What Happens After a Snowmelt in Western Colorado?

Western Colorado receives plenty of snow. When it melts, it can turn your lawn into a swamp and your basement or crawl space into a swimming pool. Here’s how to protect your home.

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On average, Grand Junction receives 19 inches of snow spread over 19 days during the winter. That’s not quite the average in Crested Butte, which receives 216 inches over 66 days. 

Whatever the snowfall at your home, it builds up on the roof, across the yard and, as always, covers your driveway, waiting to be shoveled. 

It’s exciting to contemplate the springtime thaw. But all that snow represents a great deal of water. That water is just waiting for its opportunity to make a swamp of your yard and find its way into your basement or crawl space.

How Much Water?

The rule of thumb is that 13 inches of snow equals roughly one inch of rain. We can go on to calculate that one inch of rain on a 1,600-square-foot roof equals 997 gallons of water. Of course, if it’s wet, heavy snow the water content could amount to double that or more.

Snow Buildup on the Roof

Unlike rain, which starts running off the roof as soon as it lands, snow continues to build up over days, weeks, or even months. That makes for a great deal of weight on the roof and stored water waiting for warmer conditions.

Those warmer conditions can arrive with a small amount of sunshine or even heat escaping through the attic. That bit of water runoff heads for the gutters and downspouts where it can freeze. Blocked gutters are followed by ice dams forming on the roof. All this backs up daytime water runoff until it refreezes overnight.

Snow Buildup on the Lawn

Of course, snow is also accumulating on your lawn. Plus, as it is removed from the sidewalks and driveway, it is stacked up. In addition, excess snow can slide off the roof and build up around the foundation

Often, drifting snow will further accumulate around your home and foundation. All that represents a great deal of water. Any slight melting and it saturates the soil, making for excess runoff and even underground water flow toward the basement or crawl space. That water is further compounded by the snowmelt from the roof.

The Clay Bowl Effect

Anything described as a bowl when considering foundation flooding sounds somewhat ominous. The clay bowl effect happens during foundation construction when the soil is excavated, the foundation is poured, and then the soil is backfilled around the basement or crawl space. The backfill soil is no longer as dense as the surrounding undisturbed soil, making for a ready path for water, essentially forming a bowl around the foundation.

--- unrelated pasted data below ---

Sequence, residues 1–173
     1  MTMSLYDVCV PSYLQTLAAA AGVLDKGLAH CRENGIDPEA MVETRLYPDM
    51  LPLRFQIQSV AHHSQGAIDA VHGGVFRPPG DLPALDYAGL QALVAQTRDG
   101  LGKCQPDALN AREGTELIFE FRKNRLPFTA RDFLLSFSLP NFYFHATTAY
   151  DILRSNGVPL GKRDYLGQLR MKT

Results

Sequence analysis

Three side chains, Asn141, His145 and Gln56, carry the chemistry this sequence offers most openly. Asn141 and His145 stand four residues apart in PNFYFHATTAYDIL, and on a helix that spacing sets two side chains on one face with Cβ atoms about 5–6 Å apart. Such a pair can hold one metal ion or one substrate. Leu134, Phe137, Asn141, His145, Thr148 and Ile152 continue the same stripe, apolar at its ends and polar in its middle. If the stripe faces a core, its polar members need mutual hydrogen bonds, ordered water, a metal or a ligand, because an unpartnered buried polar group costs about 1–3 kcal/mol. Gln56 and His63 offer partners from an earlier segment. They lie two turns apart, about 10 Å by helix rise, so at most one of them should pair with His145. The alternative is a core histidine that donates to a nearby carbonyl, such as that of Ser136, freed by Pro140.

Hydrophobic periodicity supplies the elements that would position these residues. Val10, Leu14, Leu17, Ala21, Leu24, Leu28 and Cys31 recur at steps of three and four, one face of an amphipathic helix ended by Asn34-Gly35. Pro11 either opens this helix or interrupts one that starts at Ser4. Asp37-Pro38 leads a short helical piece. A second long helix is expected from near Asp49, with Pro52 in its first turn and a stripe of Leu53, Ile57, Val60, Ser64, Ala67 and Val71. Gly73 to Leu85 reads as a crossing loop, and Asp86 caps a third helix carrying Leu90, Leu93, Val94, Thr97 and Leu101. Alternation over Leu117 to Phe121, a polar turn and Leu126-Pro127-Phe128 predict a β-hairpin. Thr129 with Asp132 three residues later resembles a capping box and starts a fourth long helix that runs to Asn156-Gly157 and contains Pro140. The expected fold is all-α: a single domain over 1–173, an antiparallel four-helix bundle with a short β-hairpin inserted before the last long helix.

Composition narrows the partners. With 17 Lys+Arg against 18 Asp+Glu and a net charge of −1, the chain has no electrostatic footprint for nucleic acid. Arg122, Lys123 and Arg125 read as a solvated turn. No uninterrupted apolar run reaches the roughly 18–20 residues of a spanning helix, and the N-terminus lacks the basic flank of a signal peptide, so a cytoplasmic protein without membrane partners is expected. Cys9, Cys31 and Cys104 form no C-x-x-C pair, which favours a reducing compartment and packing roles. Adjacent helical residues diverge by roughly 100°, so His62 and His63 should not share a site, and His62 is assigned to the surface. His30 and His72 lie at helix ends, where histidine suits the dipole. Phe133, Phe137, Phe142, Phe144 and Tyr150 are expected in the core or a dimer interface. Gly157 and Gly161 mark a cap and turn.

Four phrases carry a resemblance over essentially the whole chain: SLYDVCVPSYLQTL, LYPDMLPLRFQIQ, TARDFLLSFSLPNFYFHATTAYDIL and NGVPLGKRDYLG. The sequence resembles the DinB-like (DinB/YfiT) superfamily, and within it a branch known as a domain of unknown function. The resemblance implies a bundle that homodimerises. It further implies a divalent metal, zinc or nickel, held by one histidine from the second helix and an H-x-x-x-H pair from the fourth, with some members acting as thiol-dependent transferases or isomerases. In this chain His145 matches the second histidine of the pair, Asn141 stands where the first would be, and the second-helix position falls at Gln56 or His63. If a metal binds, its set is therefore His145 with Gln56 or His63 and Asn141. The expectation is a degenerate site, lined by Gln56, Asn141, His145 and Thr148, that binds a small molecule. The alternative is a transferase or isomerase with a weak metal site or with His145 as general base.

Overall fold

The water collected in that bowl moves against the foundation wall, setting up hydrostatic pressure that continues to grow with continued snowmelt and more water buildup. That pressure can cause cracks that develop leaks that can grow to serious flooding. At a minimum, it finds any existing cracks or openings as it follows gravity to the lowest possible point.

Prepare Your Home for Snowmelt

Snow builds up over time and when melting starts, you’d better be ready to head off any serious leaks or flooding. Taking steps during the rest of the year is the best prevention. Plus, there are a few things you can do during the winter to address the inevitable thaw and water runoff. 

Here’s our list of tips to help you prepare.

  • Remove Rooftop Snow. As snow builds up on the roof, it’s a good idea to remove some or all of it using a roof rake. Don’t risk climbing on the roof. A roof rake from ground level can make a big difference.
  • Remove Snow From Around Your Foundation. Now that you’ve got the snow off the roof, it’s critical that you greatly reduce the snow that’s piled up around the foundation. Ideally, it should be cleared to a distance of four to six feet away from your foundation walls.
  • Install and Maintain Gutters, Downspouts, and Extensions. Snowmelt moves off the roof and into the gutters and downspouts. It’s vital to keep the gutters clear and the downspouts free from obstructions. There should also be extensions on the downspouts that take the water well away from the foundation.
  • Consider Landscape Grading. Once the water clears the downspouts and extensions, the landscape slope should be downward to help the water continue its movement away from the basement or crawl space. Ensure your grading is helping and not hindering this flow.
  • Install a Proper Drainage System. Keep water out of your home by installing an interior drainage system and a sump pump. Not only do these solutions help clear up any early leaks and prevent flooding, they also are good to have year-round to reduce humidity and prevent mold.
  • Practice Drainage System Maintenance. If you already have a drainage system, make sure the sump pump is working including clearing the drain hoses and pipes. Preventing frozen drains should also be on your list.
  • Add Attic and Foundation Insulation. A warm home leads to melting snow on the roof and around the foundation. Add insulation to prevent heat from escaping and to lower energy bills.

To schedule a free foundation inspection and repair estimate as well as identify ways to improve your home’s drainage and waterproofing, contact your local foundation repair experts at Foundation Repair of Western Colorado.

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